Written by Sal Maiorana Rochester Democrat & Chronicle
PITTSFORD, N.Y.-As expected, there were no Jairus Byrd sightings Friday at St. John Fisher College as the Buffalo Bills began checking into training camp.
And here's a newsflash: You can probably forget about doing any Byrd-watching for the foreseeable future because there's a very good chance the fifth-year free safety won't even do a fly-by in Pittsford this summer.
Byrd has refused to sign his one-year franchise tag tender, the only one of the eight players in the NFL who were tagged to take this stance.
He skipped all of the OTA workouts in the spring, and now with things getting amped up as training camp practices begin Sunday, Byrd will be missing the most valuable portion of season prep, especially with new coaches teaching a new scheme.
"Camp starts Sunday and we have to go out there and run with what we've got," defensive end Mario Williams said after moving his belongings into his dorm room at Fisher.
Williams and several other Bills professed the standard company line Friday regarding Byrd's situation: Business is business and it will take care of itself. That's true, but Byrd's absence will eventually hurt the Bills because he's one of their best players, and this is not a team that can afford to play without its best players.
"He's a great player and we want him back as soon as possible," said Williams. "Hopefully things work out, but that's on the legal end of the team, something we can't control amongst players."
New coach Doug Marrone did not speak with reporters Friday but is scheduled to do so Saturday and he will likely have to answer questions regarding Byrd. However, his comment will almost certainly be that Byrd's not here, so the Bills have to move on with the guys who are.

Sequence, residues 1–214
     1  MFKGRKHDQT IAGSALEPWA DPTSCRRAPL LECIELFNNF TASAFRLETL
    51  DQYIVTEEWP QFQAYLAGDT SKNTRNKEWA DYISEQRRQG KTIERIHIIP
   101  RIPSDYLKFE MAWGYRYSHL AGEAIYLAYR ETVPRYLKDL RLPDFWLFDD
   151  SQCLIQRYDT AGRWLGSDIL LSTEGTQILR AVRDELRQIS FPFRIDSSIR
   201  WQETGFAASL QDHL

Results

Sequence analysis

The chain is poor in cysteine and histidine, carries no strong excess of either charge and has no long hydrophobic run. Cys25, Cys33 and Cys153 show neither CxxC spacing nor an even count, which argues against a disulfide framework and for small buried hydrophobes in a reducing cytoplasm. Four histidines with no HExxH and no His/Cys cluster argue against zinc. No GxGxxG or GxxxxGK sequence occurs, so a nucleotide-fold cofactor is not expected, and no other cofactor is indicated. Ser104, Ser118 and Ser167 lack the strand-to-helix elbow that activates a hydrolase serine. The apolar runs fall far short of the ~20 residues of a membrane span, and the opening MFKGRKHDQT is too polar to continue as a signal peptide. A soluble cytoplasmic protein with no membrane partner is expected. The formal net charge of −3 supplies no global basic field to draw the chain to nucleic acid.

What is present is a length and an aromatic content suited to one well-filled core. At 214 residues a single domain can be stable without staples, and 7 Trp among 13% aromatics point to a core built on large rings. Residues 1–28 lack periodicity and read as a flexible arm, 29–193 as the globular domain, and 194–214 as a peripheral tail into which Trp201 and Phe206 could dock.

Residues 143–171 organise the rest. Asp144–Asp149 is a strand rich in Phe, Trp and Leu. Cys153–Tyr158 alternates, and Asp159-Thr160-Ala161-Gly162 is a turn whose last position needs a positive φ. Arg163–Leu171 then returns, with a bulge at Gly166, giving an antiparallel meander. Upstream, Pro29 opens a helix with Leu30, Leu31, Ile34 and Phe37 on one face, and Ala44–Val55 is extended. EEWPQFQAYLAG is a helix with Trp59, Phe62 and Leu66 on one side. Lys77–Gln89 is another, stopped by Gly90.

Because Byrd's agent, Eugene Parker, and the Bills' front office could not agree on a long-term contract by July 15, one cannot be negotiated until after the season ends. Byrd would earn $6.91 million if he signs the tender, but by missing that July 15 deadline, now he has no multiple-year security or bonus money in the bank.
Technically, Byrd is not a holdout because he does not have a contract, thus, he won't be fined for missing camp time. If his absence extends to the regular season, then he will lose game checks, which would be substantially greater than paying camp fines.
There is a school of thought that the sticking point in what seems to have become a cantankerous situation is the team's refusal to include a clause in Byrd's one-year deal for 2013 that would prevent them from using the franchise tag on him in 2014. If negotiations go nowhere next year, the Bills will have the franchise tag at their disposal again.
Byrd clearly wanted to test unrestricted free agency because he would almost certainly find a suitor who would pay him more than the Bills in an open market. Case in point: Offensive guard Andy Levitre, who signed an eye-popping $46.8 million contract with Tennessee in March, a deal he never would have received in Buffalo.
If and when Byrd joins the team, he will have a lot of catching up to do. Again, everything is new at One Bills Drive and Mike Pettine's defense is in no way similar to Dave Wannstedt's. However, Williams doesn't think that's too much of a worry because he believes Byrd can get up to speed quickly.
"It'll be a challenge, but at the same time he's a smart player and as long as he knows the terminology, that's the biggest thing, being able to communicate with everything that's going in," said Williams.
Cornerback Stephon Gilmore said he and several other players have been in contact with Byrd and have been trying to give him some help from afar.
"I've tried to give him a little stuff so he comes back not knowing anything," said Gilmore. "I think he'll be ready to go when he comes back. I'm just looking forward to him coming back to the defense and us winning games."